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anatomy of a language

Language is a beautiful thing.

I’ve been learning about the language of indigenous culture, plants and the Earth through the book ‘ Braiding Sweetgrass.’ Reading about these new and foreign languages got me thinking more about the languages I’ve grown up with, English and Chinese.

For example, take the English word for astronomy.

Astronomy in Ancient Greek is ἀστρονομία.

I never took Latin, but I’ve come to learn that so much of a word’s meaning can be derived from the root word.

“ἀστρον— ” means astron, or “star”
“—νομία” is derived from the word νόμος meaning nomos, or “law / culture.”

Combined together, astronomy means “law of the stars” (or “culture of the stars” depending on the translation.)

To me, this has beautiful meaning.

The same can be said for Chinese.

Like English, the subdivisions of a word carry so much meaning.

In Chinese, something spelled the same way can be pronounced four different ways based on intonation. And each character consists of different root words.

For example, the characters below are spelled phonetically the same: “ma.” But they are pronounced four different ways, and mean four different things.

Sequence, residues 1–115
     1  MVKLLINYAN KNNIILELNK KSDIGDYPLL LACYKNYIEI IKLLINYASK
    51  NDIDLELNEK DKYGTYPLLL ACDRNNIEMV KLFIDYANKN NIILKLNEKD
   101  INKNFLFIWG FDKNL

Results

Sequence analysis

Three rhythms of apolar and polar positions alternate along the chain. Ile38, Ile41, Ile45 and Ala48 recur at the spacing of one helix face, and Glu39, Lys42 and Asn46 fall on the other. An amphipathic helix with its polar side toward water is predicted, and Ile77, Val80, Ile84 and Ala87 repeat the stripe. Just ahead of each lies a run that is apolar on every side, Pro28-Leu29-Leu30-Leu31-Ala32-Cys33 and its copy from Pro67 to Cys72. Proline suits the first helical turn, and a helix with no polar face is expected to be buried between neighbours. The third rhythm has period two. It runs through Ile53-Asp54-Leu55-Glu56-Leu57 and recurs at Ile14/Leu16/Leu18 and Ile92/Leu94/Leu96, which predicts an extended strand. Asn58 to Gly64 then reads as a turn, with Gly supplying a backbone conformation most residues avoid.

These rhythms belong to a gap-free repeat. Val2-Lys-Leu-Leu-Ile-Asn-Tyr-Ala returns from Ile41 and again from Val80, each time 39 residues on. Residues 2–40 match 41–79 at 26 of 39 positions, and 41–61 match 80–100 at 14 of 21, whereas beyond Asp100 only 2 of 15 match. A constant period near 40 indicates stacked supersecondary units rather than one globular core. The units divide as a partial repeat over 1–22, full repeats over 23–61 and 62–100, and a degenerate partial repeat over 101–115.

妈 /mā/:mother
麻 /má/:numb
马 /mǎ/:horse
骂 /mà/:curse, scold

Language is a beautiful thing.

As I learn and appreciate more about indigenous language and heritage, with a world view so different from my own, I’ve grown to appreciate the nuances in my own as well.

Filed under: Atomic

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INTJ. Startups. Infinitely Curious

2 Comments

  1. Mariano

    Hi Yina,
    Your post is beautiful. Please, write more about the Chinese language like you did here. It’s interesting to me. I study Philosophy, language is related to it. Spanish is my mother language.

    Like

    • Yina Huang

      Hi Mariano, thank you so much for the generous feedback. I hope to do so more moving forward.

      So glad to hear you enjoyed it.

      Like

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